I often dream of emancipation
I often dream of emancipation. Liberation. Freedom. Though, I don’t think I’ll ever
completely know what it feels like.
We weren’t very well-off when Mama was around. It wasn’t because we spent excessively;
in fact, we were all rather parsimonious – she most of all. Mama’s family had always been
wealthy. They supported her when she moved to Adelaide to study Economics – paid her for
her fees, her books, her lodging.
But when, on a visit back to her hometown, her parents found out that she had married a
foreigner, an Australian, it was, in their eyes, a sin. They had picked out a sensible young
man for her, and when Mama refused to leave Aaron, she was shunned from their home in
Mumbai, renounced from any financial support, and was bought a one-way ticket back to
Choosing the road to Australia wasn’t an easy decision. Starting a new family and leaving
her old one behind had to be somewhat of a terrifying choice. But she was young and in
love, carelessly sanguine about life, so she took her chances.
She took the different road.
The unfamiliar road.
The road less travelled by.
Aaron didn’t have much money either. They were both hard workers, though, and somehow
made a living for themselves. But when I came along, going got hard. Money was scarce and
I remember once, when I was six or seven, Mama came home with a surprise. She handed
me three packets of coloured powder – blue, pink and neon green. They were called gulal in
Hindi, she told me with a smile, and I repeated the foreign word after her. It was rare that
we did anything related to Indian culture because when she severed ties with her parents, it
seemed that she had left India behind, too. That evening was one of the best times I had in a
long while. We celebrated Holi – the Hindu festival of colours, smearing powder all over
each other shooting each other with mini water guns and dancing to the Bollywood music in
the wind. Once we were exhausted, I fell into Mama’s arms on the ground, and we watched
as the sky turned from blue to magenta and blended into indigo. And for the first time in a
long time, we were both beatific.
No matter the circumstances of the next few years; financial or otherwise; we celebrated
Holi every March. The festival of colours, it seemed, could wipe away the darkness in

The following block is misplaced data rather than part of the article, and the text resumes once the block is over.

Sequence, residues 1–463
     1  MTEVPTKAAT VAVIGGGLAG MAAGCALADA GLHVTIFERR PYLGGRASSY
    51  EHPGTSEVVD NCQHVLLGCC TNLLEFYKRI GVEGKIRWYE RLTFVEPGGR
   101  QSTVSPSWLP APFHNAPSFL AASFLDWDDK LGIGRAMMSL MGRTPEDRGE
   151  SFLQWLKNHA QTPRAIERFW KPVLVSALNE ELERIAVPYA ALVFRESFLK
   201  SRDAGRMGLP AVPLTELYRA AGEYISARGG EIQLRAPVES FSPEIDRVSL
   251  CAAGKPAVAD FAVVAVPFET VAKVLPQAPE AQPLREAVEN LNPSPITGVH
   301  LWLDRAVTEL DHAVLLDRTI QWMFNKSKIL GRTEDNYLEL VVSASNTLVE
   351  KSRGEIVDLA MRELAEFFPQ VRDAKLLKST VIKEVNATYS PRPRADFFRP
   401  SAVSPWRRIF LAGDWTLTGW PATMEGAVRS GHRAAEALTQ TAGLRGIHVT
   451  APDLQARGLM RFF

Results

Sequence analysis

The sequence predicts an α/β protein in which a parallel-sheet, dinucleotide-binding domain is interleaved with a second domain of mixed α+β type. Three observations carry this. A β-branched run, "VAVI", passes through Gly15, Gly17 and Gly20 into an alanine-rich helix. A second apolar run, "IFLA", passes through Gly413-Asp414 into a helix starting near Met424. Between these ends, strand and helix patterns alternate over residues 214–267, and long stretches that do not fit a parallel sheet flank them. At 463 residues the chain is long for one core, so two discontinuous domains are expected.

For just a single day.
Then, our road became rough. The speedbumps started to emerge, and before I realised
what was happening, it was too late.
I knew Mama was fighting her own internal beasts; a combination of family issues, financial
insecurity and other things that I still don’t know about. But Aaron and Mama were
incandescently in love once. Always hand in hand and side by side, they were my king and
queen. He would rescue her when she was down, and she, him. But now, Mama would stay
in bed for days on end, and my ten year old self would wonder why Aaron didn’t help her
up. She was walking a lonely road for a long time, one with no pit-stops, no forks, no
detours. Only a dead end. It was only later when I realised she had been battling severe
depression and become suicidal.
Sometimes, when I curse Aaron for not being able to save Mama, I wonder whether he
really loved her enough. For a while, I distanced myself from him emotionally. At twelve, I
stopped calling him dad and started calling him Aaron. It broke his heart, and I was glad. He
After Mama’s death, we lived out in the bush for a couple of years, Aaron and I. It was
where he grew up, and I think he needed something familiar to hold onto. I was thirteen. I
used to paint, then, and write a little, too. Looking back, I think I needed the change of
scenery as much as he did. The rugged South Australian landscape calmed me; the serenity
of not being constantly surrounded by people, cities, noise. Death. I learnt to be content
with my own company and I dreaded having to return to Adelaide.
It’s just me and Aaron now. We’re never going to be as close as we once were when Mama
was around. She died in in ’09 – it sounds like a long time ago, but if you look at Aaron’s
face, you’d see that for him it feels like just yesterday. I guess I feel sorry for him sometimes.
He doesn’t know it, but I hear him mumbling her name in his sleep.
I’d be lying if I said that I think of her every day. I don’t. I feel guilty for it, too. But when I do
think of her, the rage and resentment consume me. She left me, when she could have
We’re doing okay now financially. Better than okay, I guess, because at least life insurance
was one thing we had going for us. It’s ironic, because much as I went without the luxuries
of life then, now it’s nauseating having my pockets full and Mama’s bed empty.
Sometimes, when I flick through the old photo albums, I wonder about dying. Not what it
feels like, but what comes afterwards. Where did Mama go? I trace her figure and the
plastic crackles beneath my fingers. Although I miss her tremendously, maybe she’s happier
now than she ever was here. I guess death is a kind of emancipation in itself. I yearn to feel
that bliss, that freedom. I’m living, but I don’t feel alive. My existence feels futile without
Mama. But I know I have to keep going, because I have my own path to pave.
It’s been a long road to get to where we are now.
A long, slippery, bumpy road.
And we didn’t all make it.